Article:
If you live in a rural area, you probably get pissed when you see gourmet food blogs posting recipes with pea tendrils, watermelon radishes, exotic citrus, and heirloom arugula.
How in the world can you eat clean when you don’t have access to that stuff?
Maybe the nearest Whole Foods is a 2 hour drive (or a 2 hour flight).
Maybe farmers’ markets aren’t yet a “thing” in your town.
Maybe all you have is a basic big box grocery store.
I get it… ‘cause I faced the same dilemma when I moved to Alaska.
It’s been a while since I shared Alaskan adventures with you all. Many of you new to my site probably aren’t aware that currently I’m outside of the “lower 48.” (Thank you internet Gods for allowing me to have a location-independent business!)
I am up in The Last Frontier and I’m able to eat really good food!
In some ways, I eat better up here than I did in LA (certainly lack of restaurants forcibly eliminates that source of less-than-top-quality food from my diet).
So in today’s post I’ll share some intel about eating well in the far North that you can probably apply to wherever you live.
I really, truly believe it’s a choice to eat well or not. And with a little know-how, research, and ingenuity, you might actually eat better in your teeny tiny town than those fresh-pressed-juice-addicted hipsters in Loz Feliz could ever dream of.
Without further ado, let me present:
How to Eat Clean When You Live in a Rural Area
Hunt, Fish, Gather
Although I specifically avoid the use of this loaded word most of the time, living off the land is about as “paleo” as you can get. I try to get as much of my food from the wild as possible. If you live outside of a city, perhaps you’re already into this.
Hunting is definitely not something I grew up with in LA, but up in Alaska, subsistence living is a way of life and therefore hunting is a mainstay. I’ve not hunted “big game” yet, but friends have shared some meat with us (and I’ve made it well-known among my hunter friends to give me the bones for making stock – deer soup anyone?). Ptarmigan, however, has been on the menu a few times. They’re about the size of a small chicken with very gamey, dark meat that makes a great stew.
Fishing is basically what you do in the summer up here. Many types of salmon return to the rivers to spawn throughout the summer and into the fall (and some are way better eating than others, but that’s for another post. I’ll just say, I will never refer to salmon as simply “wild Alaskan salmon” again. That’s way too broad a description.) There’s also halibut, cod, rockfish, and many, many more fish (I’m certainly no expert in this area).
Perhaps my favorite thing of all is the massive quantity of wild berries that blanket mountain tops and hide in the forest from midsummer to early fall (which I shared about in this post). You can leave me on a mountain top for hours gathering berries (though I have to be careful not to get too lost in “berry-picking world”, as we call it, so I don’t get a surprise visitor [read: 1200 lb bear] saying hello).
I highly suggest checking out some wild edibles books from your local library (and even taking classes on plant ID if you’re new to this) before nibbling on random, potentially poisonous plants. I’m a plant nerd wherever I live and studied wild Alaskan plant books before arriving, so I was well-prepared for what I could eat (this book is my fave).
Buy Local (when possible)
The growing season in Alaska is about as short as it gets. That means we have a farmers’ market maybe from late June through the beginning of September. In my area there are no big farms, just local residents with a garden plot in their backyard who sell whatever they can’t eat at the market (and you’d better arrive early before it sells out). It’s nothing like what the big farmers’ markets in cities or farm country. Luckily, what is available is fantastic quality – way better than whatever has been shipped 4,000 miles from California – because not only is it freshly picked, but most growers amend their soil with compost, seaweed, and fish meal (from the local fish processing plant). I can count on a steady supply of kale and lettuce all summer and the occasional cauliflower, cabbage, zucchini, rutabaga, fennel and carrots (and I really mean occasional).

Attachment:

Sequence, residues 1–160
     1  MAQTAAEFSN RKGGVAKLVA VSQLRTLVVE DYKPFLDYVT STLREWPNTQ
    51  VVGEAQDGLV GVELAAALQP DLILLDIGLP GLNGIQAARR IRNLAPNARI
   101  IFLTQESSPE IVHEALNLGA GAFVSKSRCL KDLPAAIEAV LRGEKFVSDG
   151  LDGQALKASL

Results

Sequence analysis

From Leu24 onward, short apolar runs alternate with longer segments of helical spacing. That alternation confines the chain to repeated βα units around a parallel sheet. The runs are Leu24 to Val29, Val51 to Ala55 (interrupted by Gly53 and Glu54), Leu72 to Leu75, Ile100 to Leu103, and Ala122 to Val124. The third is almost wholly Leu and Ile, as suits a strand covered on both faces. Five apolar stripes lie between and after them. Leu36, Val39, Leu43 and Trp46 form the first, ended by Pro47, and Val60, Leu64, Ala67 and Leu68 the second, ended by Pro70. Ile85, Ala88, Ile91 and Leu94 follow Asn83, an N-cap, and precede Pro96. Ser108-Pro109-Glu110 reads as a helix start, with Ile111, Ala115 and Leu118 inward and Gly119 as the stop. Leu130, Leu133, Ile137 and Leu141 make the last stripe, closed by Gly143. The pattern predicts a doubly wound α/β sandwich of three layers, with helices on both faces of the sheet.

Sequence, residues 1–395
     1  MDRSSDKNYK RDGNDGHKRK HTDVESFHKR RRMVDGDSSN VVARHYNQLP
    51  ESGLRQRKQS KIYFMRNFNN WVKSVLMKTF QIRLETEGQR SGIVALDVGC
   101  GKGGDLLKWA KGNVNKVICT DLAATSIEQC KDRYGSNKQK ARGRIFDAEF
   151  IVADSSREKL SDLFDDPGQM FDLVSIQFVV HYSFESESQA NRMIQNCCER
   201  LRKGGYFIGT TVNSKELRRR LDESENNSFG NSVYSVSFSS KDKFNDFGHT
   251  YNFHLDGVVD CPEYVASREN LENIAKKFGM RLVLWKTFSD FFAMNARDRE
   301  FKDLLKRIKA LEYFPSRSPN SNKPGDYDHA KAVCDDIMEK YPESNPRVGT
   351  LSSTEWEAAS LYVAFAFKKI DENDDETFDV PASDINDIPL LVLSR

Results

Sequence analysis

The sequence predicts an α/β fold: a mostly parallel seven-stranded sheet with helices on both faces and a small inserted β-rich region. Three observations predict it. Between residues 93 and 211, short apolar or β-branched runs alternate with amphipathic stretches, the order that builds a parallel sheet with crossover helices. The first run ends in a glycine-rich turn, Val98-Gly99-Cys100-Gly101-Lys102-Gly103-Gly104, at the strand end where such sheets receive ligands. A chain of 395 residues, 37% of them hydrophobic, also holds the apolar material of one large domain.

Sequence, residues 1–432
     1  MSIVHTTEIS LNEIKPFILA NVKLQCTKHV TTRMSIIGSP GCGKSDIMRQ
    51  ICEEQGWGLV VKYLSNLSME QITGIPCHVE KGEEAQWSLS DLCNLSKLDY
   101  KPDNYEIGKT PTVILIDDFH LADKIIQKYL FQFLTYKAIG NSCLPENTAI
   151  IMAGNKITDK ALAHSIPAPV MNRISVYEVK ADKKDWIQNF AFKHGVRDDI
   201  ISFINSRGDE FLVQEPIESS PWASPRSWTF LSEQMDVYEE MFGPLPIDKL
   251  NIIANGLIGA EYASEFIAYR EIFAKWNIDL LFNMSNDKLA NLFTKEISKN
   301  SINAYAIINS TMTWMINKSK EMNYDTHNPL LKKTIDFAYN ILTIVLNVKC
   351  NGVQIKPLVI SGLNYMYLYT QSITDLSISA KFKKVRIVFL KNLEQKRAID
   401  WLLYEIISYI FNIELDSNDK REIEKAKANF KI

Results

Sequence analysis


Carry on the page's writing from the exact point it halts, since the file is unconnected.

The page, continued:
In addition to good veggies, I sought out a source of pasture-raised meat. I can get some at the local grocery store, but when I read of a family-managed cattle herd – on a remote island, no less – I decided to purchase a cow this year. Of course, we have a deep freeze to accommodate said cow, which arrived nicely packaged into individual 1-3# packages ready to braise in the slow cooker. These cows literally spend their entire lives on this pristine island grazing on lush greens. No need to worry about “grain-finishing” up here because for these folks, shipping grains is an added expense! The cows are even slaughtered on the island, so they don’t have the usual stress of being shipped to a processing plant. This beef is hands down the best beef I have ever had in my life. And since animal foods concentrate nutrients (and toxins) from what they eat, I’m pretty sure this is the most nutrient-dense, toxin-free beef available in the US. (Read: 7 reasons grass-fed beef is worth the money.)
Many rural areas are home to awesome small farms. I’m lucky enough to have connected with some passionate folks who raise chicken, ducks, and geese. They go out of their way to provide spacious coops, comfy nesting spots, and plenty of time to free-range, peck and take dirt baths. They also supplement with only certified organic, GMO-free feed. And the eggs are some of the most delicious I’ve ever eaten. (Read: why pastured eggs are so nutritious.)
In addition to eggs, search for local dairies in your area. It may take time to find these producers, but you might be surprised to find a delicious source of clean, raw dairy right down the road. I’m now part of a “goat share” program where I pay a fee to be partial owner in a herd of goats and in return get a regular supply of goat milk. These happy, spoiled goats are fed GMO-free alfalfa and sprouted organic grains and legumes. Their milk is de-licious, easy on my tummy, and I feel good supporting the farm.